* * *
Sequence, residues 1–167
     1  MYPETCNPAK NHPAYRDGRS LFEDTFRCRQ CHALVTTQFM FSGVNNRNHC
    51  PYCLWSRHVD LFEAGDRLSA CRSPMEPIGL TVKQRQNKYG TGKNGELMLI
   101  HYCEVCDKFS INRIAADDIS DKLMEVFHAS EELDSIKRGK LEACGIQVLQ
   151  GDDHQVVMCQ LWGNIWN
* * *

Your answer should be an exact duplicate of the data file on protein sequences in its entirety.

Sequence, residues 1–167
     1  MYPETCNPAK NHPAYRDGRS LFEDTFRCRQ CHALVTTQFM FSGVNNRNHC
    51  PYCLWSRHVD LFEAGDRLSA CRSPMEPIGL TVKQRQNKYG TGKNGELMLI
   101  HYCEVCDKFS INRIAADDIS DKLMEVFHAS EELDSIKRGK LEACGIQVLQ
   151  GDDHQVVMCQ LWGNIWN